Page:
#tac #reverse #simd #utilities #core #coreutils

app tac-k

Print lines from file in reverse order

9 releases

0.3.3 May 31, 2024
0.3.2 May 30, 2024
0.2.1 May 25, 2024
0.1.3 May 23, 2024

#674 in Command line utilities


351 lines


Crates.io Version docs.rs Crates.io License Crates.io MSRV

Tack is a fork of the tac crate. It is available as a standalone binary, tac-k, and as a library, tac-k-lib.

Tack is a high-performance, simd-accelerated, cross-platform rewrite of the GNU tac utility from Coreutils, released under MIT/Apache-2.0 licenses. tac reads input from a file (or from stdin, but see below) and then prints it line-by-line backwards.

This tac implementation uses simd-acceleration for new line detection and utilizes memory-mapped files on all supported operating systems. It is additionally written in rust for maximum integrity and safety.

Who needs a faster tac anyway?

Good question. Try grepping through a multi-gigabyte web access log file in reverse chronological order (tac --line-buffered access.log | grep foo) and then get back to me.


Usage: tac [OPTIONS] [FILE]...

  [FILE]...  Files to be reversed.
             Read from stdin if it is `-` or not specified.

  -s, --separator <BYTE>  Use BYTE as the separator instead of newline.
                          Only single-byte character is supported.
      --line-buffered     Always flush output after each line
  -h, --help              Print help
  -V, --version           Print version

Tack reads lines from any combination of stdin and/or zero or more files and writes the lines to the output in reverse order.


$ echo -e "hello\nworld" | tac

$ echo -e "hello\nworld" | tac --separator=o


The tack binary may be built installed via cargo, the rust package manager:

cargo install tac-k --locked

or installed with pre-built binaries via cargo-binstall:

cargo binstall tac-k --locked

The tack library can be added to your project via:

cargo add tac-k-lib

Implementation Notes

This implementation of tac uses SIMD instruction sets (AVX2, NEON) to accelerate the detection of new lines if available. The usage of memory-mapped files additionally boosts performance by avoiding slowdowns caused by context switches when reading from the input if speculative execution mitigations are enabled. It is significantly (2.55x if mitigations disabled, more otherwise) faster than the version of tac that ships with GNU Coreutils, in addition to being more liberally licensed.

To obtain maximum performance:

  • Try not to pipe input into tac. e.g. instead of running cat /usr/share/dict/words | tac, run tac /usr/share/dict/words directly. Because tac by definition must reach the end-of-file before it can emit its input with the lines reversed, if you use tac's stdin interface (e.g. cat foo | tac), it must buffer all stdin input before it can begin to process the results. tac will try to buffer in memory, but once it exceeds a certain high-water mark (currently 4 MiB), it switches to disk-based buffering (because it can't know how large the input is or if it will end up exceeding the available free memory).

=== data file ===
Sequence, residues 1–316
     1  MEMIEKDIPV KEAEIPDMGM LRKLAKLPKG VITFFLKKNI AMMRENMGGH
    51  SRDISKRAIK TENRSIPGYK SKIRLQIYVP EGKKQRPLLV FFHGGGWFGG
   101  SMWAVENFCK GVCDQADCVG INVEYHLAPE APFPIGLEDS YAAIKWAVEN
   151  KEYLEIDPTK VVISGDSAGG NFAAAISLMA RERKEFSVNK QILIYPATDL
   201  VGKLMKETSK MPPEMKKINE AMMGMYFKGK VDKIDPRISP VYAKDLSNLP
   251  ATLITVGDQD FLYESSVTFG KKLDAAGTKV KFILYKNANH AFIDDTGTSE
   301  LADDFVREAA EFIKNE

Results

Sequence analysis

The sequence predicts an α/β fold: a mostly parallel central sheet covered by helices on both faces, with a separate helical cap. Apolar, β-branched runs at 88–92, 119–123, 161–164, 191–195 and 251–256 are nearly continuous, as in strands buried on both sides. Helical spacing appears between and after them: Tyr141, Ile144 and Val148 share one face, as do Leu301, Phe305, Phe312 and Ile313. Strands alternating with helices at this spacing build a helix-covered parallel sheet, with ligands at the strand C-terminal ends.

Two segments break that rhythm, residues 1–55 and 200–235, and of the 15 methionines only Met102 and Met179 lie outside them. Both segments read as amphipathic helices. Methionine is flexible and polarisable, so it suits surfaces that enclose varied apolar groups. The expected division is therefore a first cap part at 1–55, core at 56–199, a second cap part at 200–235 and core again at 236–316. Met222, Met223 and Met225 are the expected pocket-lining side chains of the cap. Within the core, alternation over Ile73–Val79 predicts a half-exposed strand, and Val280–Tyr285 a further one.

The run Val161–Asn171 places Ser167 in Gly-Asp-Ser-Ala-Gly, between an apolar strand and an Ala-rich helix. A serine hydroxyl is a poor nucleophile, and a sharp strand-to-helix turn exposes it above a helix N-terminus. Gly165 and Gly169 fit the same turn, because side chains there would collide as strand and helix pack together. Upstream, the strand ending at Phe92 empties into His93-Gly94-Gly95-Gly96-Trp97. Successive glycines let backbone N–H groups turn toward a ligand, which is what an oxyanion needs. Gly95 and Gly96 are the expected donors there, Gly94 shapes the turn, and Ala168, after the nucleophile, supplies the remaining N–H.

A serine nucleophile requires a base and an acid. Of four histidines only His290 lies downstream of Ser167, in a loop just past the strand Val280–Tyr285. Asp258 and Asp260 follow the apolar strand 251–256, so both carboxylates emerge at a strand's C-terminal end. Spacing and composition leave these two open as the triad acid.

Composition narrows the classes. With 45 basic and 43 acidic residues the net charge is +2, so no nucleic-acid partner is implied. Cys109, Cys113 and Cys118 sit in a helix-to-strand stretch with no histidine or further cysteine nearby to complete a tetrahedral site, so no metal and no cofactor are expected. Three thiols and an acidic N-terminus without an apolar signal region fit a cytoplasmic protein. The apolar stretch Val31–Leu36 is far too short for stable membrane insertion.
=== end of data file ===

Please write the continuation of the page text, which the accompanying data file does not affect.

• Always try to place tac at the start of a pipeline where possible. Even if you can guarantee that the input to tac will not exceed the in-memory buffering limit (see above), tac is almost certainly faster than any other command in your pipeline, and if you are going to reverse the output, you will benefit most if you reverse it from the start, unless you are always going to run the command to completion. For example, instead of running grep foo /var/log/nginx/access.log | tac, run tac /var/log/nginx/access.log | grep foo. This will (significantly) reduce the amount of time/work before the first n matches are reported (because the file is first quickly reversed then searched in the desired order, vs slowly searched in its entirety and only then are the results reversed).
  • Use line-buffered output mode (tac --line-buffered) if tac is piping into another command rather than writing to the tty directly. This gives you "live" streaming of results and lets you terminate much sooner if you're only looking for the first n matches. e.g. tac --line-buffered access.log | grep foo will print its first match much, much sooner than tac access.log | grep foo would.
  • In the same vein, if you are chaining the output of n utilities, make sure that all commands up to n - 1 are all using line-buffered mode unless you don't care about latency and only care about throughput. For example, to print the first two matches for some grep pattern: tac --line-buffered access.log | grep --line-buffered foo | head -n2.


Tack is licensed under either MIT and Apache-2.0 at your option.

Unless you explicitly state otherwise, any contribution intentionally submitted for inclusion in this crate by you, as defined in the Apache-2.0 license, shall be dual licensed as above, without any additional terms or conditions.


As an open source project, Tack would not exist without the tireless efforts of its various contributors - see CONTRIBUTORS.md for full details.


~22K SLoC